Working in the Dining Hall meant cleaning tables after meals, filling salt shakers, distributing pitchers of milk and cereal boxes, sweeping and mopping the floor, and working at the slop trucks. There were two slop trucks in the Dining Hall. Students would bring their trays to you at the slop truck proclaiming, "My compliments to the chef," and you would dump their garbage through a hole in the top of the slop truck; then you would stack the dirty trays and toss their dirty knives and forks in a basket for transfer to the scullery. Working at the slop truck was the second worst job in the Cafeteria.
Working in the Scullery was the worst. This was where all the dirty dishes were brought for cleaning in automatic steam washers. First you scrubbed off any remaining food then loaded the trays in carriers for washing. After passing though the heated dryers the trays were blistering hot but you still had to stack them for reuse in the Dispensary. Sweaty job.
The Mail Room was run by one of the Jesuit Brothers and it was open after meals. It was where you could pick up packages from home, dry cleaning, laundry, and on occasion - a rarity during WWII - chewing gum. Bro Stockley ran the Mail Room at that time.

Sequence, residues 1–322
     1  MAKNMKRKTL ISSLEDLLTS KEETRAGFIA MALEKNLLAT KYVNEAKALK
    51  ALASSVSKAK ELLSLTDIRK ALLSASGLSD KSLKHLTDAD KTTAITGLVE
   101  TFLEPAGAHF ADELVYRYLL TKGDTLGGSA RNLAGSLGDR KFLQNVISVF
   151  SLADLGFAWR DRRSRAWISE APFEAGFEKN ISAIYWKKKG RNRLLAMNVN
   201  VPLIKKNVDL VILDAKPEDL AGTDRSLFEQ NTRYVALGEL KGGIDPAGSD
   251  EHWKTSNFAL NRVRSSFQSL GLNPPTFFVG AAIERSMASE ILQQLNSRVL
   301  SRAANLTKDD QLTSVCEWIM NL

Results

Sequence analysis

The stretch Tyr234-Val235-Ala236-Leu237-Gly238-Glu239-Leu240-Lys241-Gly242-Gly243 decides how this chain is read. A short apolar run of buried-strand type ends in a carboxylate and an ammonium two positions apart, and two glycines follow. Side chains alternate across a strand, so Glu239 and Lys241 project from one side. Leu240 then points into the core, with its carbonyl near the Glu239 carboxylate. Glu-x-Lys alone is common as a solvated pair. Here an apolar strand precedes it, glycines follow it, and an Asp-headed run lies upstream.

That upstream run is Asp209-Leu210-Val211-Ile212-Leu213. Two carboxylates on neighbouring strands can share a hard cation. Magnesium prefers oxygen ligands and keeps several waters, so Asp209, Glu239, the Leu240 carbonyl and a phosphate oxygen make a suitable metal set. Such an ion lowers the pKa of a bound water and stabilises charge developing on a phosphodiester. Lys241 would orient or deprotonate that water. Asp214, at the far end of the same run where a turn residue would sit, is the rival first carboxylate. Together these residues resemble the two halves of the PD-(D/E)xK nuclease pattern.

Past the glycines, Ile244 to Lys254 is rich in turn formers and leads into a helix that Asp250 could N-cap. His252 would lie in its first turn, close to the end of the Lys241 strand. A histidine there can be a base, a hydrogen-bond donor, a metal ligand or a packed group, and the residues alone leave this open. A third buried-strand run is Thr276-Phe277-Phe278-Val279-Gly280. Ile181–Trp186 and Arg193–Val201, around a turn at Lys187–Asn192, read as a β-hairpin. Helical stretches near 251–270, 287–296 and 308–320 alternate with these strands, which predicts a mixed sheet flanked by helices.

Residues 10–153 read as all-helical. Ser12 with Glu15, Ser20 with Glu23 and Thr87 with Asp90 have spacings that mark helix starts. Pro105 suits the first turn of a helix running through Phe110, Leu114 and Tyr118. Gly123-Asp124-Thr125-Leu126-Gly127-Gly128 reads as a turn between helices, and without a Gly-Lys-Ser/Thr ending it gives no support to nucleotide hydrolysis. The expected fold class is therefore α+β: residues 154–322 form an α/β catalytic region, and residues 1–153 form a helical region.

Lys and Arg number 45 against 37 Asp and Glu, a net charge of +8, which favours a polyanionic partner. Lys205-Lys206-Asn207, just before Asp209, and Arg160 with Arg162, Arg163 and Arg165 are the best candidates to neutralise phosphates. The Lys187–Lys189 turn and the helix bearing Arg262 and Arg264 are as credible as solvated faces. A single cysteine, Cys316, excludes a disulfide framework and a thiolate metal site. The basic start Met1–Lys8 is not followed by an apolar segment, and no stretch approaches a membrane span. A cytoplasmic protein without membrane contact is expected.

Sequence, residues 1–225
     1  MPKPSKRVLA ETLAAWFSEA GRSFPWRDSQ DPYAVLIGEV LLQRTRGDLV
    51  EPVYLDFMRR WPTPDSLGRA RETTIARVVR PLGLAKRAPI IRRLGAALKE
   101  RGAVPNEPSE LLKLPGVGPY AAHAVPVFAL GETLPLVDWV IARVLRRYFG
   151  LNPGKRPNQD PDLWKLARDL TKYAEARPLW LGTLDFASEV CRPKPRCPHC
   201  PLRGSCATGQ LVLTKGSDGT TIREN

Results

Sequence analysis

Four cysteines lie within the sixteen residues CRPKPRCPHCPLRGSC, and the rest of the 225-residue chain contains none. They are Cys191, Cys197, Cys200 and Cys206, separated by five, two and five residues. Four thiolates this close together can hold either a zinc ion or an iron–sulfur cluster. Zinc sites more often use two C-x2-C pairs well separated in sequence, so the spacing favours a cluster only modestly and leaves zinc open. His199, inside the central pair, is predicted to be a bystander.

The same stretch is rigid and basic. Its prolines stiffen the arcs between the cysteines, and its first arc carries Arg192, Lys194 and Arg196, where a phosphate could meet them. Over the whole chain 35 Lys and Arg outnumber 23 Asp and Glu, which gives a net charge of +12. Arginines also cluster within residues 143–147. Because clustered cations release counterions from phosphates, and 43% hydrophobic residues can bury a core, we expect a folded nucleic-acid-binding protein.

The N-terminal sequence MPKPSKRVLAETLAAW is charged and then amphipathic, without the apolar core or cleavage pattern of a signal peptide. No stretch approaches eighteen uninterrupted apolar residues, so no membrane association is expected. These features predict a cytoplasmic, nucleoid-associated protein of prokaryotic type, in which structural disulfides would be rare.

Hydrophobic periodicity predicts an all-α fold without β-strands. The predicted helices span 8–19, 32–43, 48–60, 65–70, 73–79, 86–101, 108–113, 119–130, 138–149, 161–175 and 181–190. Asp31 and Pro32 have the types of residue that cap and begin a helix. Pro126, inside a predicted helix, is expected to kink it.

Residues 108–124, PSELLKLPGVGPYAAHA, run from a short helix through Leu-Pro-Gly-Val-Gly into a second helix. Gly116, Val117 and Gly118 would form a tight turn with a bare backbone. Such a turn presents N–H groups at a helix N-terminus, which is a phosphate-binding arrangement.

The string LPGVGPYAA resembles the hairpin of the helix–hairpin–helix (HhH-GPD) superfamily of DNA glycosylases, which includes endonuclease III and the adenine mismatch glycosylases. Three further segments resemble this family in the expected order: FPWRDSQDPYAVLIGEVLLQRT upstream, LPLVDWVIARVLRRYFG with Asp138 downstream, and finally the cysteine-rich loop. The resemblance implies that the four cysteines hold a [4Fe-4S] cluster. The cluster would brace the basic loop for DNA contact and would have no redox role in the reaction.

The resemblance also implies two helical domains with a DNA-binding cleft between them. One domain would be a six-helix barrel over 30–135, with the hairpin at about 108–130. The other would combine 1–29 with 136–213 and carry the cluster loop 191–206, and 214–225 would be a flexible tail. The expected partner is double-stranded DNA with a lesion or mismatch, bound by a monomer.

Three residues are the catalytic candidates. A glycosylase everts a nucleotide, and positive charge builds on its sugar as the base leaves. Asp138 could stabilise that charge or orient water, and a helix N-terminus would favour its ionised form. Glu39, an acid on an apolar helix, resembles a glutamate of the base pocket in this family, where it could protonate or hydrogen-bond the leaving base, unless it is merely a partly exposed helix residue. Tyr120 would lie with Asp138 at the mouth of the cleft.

Father Kelly ran the Bookstore. This is where you bought text books, paper, pencils and such.
Next to the Bookstore was a small shop we called the Cafe. It wasn't pronounced "Café" It was more like "Caf," short for cafeteria, I suppose. This was where a little bit of heaven fell from out the skies one day. You could buy candy bars, ice cream, milk shakes, cigarettes and Campion paraphernalia, such as megaphones, key chains, lighters, shirts and sweaters. It was only open for forty-five minutes in the afternoon after classes were over. The shop was operated by four or five students trying to satisfy a horde of shouting customers. The place was usually a madhouse, everyone trying to get the attention of one of the servers.
I liked to buy a pint of ice cream that came in a small paper box. I used a wooden spoon to stir the ice cream until it was soft. But then I noticed that, while I started with a full pint of ice cream, after stirring I finished with only half a pint. I wondered where my other half pint of ice cream went.
Later on one summer I worked in a food freezer plant next to an ice cream store called "Velvet." They made Velvet Ice Cream in a room at the rear. I used to go in and watch how ice cream was made. After the solution of eggs, milk and cream was prepared, they used a hose to blow air into it making the solution foam up larger than before into a mixture of ice cream and air bubbles. Then they pumped the foamy mixture into containers and froze them over at the food freezer plant. Half and half ice cream and air bubbles.
So my half pint of ice cream was lost in the atmosphere due to stirring. I felt cheated.